Slice the onions and peppers and fry in a skillet with a little bit of olive oil until cooked through. Then begin the assembly. There are no measurements because you can use more or less of any ingredient to your pleasing. Place one tortilla on a plate. Cover with grated cheese, strips of turkey meat, some of the onions and peppers, and a few tablespoons of the salsa. Place another tortilla on top of the mixture.
If you have a grill with ridges, oil the surface and place it on your stove burners over medium heat. If you don’t have a grill, use a cast-iron skillet or heavy steel pan. When the grill or skillet is hot, place the tortilla on top and put a heavy press on top. If you don’t have a press, just push down a little with a spatula. Cook for a couple of minutes until the cheese melts and grill marks begin to show. Watch carefully to make sure it doesn’t burn. Turn over and grill for a few minutes on other side.
This is what it looks like after all the ingredients are in place and just before you’re ready to cover with a second tortilla.
Pardon me while I sing a few bars of “The Christmas Song,” more readily known by its opening lyrics “Chestnuts roasting on an open fire.”
I couldn’t help myself as I sat in front of the fireplace yesterday, shaking a pan filled with chestnuts resting on hot embers. I decided to make a chestnut, sausage and apple stuffing for my Thanksgiving turkey and wanted to get a jump-start on the chestnuts.
Chestnuts are used much more commonly in Italy, where towns even hold chestnut festivals (sagre de castagne) in the fall. We visited one such town – Soriano – in October, where chestnuts were roasted on huge mesh-bottomed pans out in the streets. After about twenty minutes of vigorous jostling back and forth by a Soriano resident, where many of the chestnut skins fell away from the nutmeat, the chestnuts were then dumped into a straw basket and handed out free in small paper bags to any and all nearby.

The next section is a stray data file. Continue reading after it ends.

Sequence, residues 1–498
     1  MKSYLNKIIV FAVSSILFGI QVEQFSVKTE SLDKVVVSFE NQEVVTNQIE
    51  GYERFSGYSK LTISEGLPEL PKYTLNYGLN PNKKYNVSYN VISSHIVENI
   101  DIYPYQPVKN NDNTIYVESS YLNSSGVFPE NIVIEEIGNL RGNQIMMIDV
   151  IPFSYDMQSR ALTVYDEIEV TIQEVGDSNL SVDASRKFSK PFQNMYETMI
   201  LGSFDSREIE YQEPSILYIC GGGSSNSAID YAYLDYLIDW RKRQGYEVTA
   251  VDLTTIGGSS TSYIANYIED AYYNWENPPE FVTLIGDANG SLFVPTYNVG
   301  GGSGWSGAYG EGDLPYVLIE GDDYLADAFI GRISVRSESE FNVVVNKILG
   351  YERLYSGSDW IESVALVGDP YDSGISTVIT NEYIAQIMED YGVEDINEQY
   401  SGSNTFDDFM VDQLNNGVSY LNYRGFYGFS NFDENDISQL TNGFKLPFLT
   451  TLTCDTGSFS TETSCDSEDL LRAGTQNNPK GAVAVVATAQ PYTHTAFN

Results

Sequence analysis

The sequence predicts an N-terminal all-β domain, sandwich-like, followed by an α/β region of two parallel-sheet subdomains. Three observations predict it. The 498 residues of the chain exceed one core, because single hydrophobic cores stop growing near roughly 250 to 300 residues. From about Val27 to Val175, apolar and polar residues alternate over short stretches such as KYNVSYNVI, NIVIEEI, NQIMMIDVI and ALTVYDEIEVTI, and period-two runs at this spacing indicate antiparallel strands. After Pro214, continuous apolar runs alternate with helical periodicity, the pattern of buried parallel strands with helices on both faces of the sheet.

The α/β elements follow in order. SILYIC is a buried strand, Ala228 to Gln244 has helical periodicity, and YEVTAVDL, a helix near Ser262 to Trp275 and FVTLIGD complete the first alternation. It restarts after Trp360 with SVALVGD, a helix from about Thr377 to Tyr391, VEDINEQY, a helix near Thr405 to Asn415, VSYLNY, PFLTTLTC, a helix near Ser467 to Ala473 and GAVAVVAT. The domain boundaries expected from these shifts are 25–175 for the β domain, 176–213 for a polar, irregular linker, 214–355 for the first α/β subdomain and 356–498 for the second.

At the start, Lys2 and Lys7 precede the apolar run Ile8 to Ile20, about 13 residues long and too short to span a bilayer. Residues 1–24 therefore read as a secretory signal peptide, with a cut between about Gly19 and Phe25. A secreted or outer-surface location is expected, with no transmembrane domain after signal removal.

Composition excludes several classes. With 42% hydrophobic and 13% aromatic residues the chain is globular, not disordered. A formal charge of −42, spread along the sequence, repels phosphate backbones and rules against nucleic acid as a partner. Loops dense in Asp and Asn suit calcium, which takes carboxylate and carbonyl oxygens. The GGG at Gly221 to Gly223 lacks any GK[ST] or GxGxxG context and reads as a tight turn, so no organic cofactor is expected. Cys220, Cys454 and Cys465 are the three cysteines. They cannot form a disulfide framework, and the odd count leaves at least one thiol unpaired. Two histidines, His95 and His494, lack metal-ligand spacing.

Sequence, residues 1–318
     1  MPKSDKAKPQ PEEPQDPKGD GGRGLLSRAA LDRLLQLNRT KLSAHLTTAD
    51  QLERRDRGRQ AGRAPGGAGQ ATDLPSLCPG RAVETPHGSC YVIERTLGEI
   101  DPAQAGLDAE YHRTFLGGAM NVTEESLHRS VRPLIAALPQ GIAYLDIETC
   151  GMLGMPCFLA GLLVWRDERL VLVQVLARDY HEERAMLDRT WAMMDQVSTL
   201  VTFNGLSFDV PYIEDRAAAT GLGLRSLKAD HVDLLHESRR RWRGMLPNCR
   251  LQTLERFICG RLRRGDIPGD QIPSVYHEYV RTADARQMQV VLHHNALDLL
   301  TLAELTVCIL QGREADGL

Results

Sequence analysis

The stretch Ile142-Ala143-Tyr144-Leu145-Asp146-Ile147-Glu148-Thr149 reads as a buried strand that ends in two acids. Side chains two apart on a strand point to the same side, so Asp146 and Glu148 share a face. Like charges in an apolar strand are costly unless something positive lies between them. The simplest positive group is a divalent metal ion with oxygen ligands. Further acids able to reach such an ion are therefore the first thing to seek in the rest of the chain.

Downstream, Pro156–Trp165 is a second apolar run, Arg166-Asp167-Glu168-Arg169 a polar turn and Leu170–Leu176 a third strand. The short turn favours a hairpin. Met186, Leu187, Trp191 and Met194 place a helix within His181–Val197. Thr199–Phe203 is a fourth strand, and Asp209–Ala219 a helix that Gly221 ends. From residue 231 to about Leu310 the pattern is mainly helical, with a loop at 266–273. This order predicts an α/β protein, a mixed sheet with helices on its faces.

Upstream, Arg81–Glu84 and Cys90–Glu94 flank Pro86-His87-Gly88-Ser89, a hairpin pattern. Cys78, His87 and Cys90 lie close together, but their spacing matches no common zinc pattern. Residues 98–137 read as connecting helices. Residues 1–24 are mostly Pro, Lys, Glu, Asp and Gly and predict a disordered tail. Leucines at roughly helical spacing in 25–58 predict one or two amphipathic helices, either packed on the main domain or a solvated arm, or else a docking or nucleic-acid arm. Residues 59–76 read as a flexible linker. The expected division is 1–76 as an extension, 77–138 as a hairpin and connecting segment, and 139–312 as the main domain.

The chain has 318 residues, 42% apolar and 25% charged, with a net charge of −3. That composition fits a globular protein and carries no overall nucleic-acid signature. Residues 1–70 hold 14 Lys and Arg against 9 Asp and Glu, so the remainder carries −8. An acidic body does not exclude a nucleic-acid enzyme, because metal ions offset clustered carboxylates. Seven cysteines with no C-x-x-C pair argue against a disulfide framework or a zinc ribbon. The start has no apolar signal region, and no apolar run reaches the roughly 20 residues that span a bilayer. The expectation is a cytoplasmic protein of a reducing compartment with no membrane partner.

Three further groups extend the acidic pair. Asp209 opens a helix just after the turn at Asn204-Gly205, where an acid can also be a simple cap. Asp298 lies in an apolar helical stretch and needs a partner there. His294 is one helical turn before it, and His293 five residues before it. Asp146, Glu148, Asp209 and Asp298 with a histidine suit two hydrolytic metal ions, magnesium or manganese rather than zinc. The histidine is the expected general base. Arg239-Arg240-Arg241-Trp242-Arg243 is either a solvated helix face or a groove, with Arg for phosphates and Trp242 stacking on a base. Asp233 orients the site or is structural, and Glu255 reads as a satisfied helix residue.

Maybe it was the atmosphere as much as the open fire roasting, but these were the best chestnuts I had ever eaten.
We also visited some friends who live just outside of Rome and gathered dozens of chestnuts from their trees, hoping to bring back some untreated nuts to start our own cluster of chestnut trees. Check back with me in the spring to see if they have germinated.
But I digress.
OK, so back to the fireplace, which is where I sat yesterday, shaking my chestnuts in a pan punctuated with holes on the bottom. Don’t ask me where I got the pan. I’ve had it for a couple of decades. Don’t worry if you don’t have such a pan, you can use a cast iron skillet. No fireplace? No problem. You can cook chestnuts in the oven too. First, with a knife, cut an “x” on the chestnuts and soak them in water for about 15 minutes. Do this if you’re roasting on an open fire too. Drain the chestnuts, put them on a cookie sheet or pan and roast in the oven at 400 degrees for about 20 minutes, shaking them once or twice. Peel them, using a napkin or paper towel to protect your fingers from the heat and blackened outer skins. There’s also a very thin inner skin that needs to come off too. Sometimes it comes off easily, but sometimes it’s a battle between you and the chestnut. For all of you who think this is too much fuss, I recently discovered that you can buy already cooked and peeled chestnuts in a glass jar at the supermarket. Whichever way you decide, once you’ve got the chestnuts, you’re ready to make the stuffing.
Chestnut, sausage and apple stuffing
1 16-ounce package Pepperidge Farm cornbread stuffing mix (or any other brand or type of bread)
1/4 cup olive oil
1 pound sweet Italian sausage
1/2 cup diced onion
1/2 cup diced celery
1 pound roasted chestnuts, broken into pieces
2 apples, diced in large pieces
2 1/2 cups chicken or turkey broth
1 stick butter, melted
Remove the casings from the sausage and saute in the olive oil, breaking it up into clumps. Add the onions and celery and saute until the meat is cooked and the vegetables are limp. Add the chestnut pieces and swirl around to mix the flavors. Pour the stuffing mix into a large bowl and add the sausage and chestnut mixture, plus the apple pieces. Add the broth and the butter, using more broth if necessary to make a moist stuffing. This will make more than enough to stuff a 12-pound bird with enough left for a casserole. Bake the casserole at 375 degrees for about 40 minutes.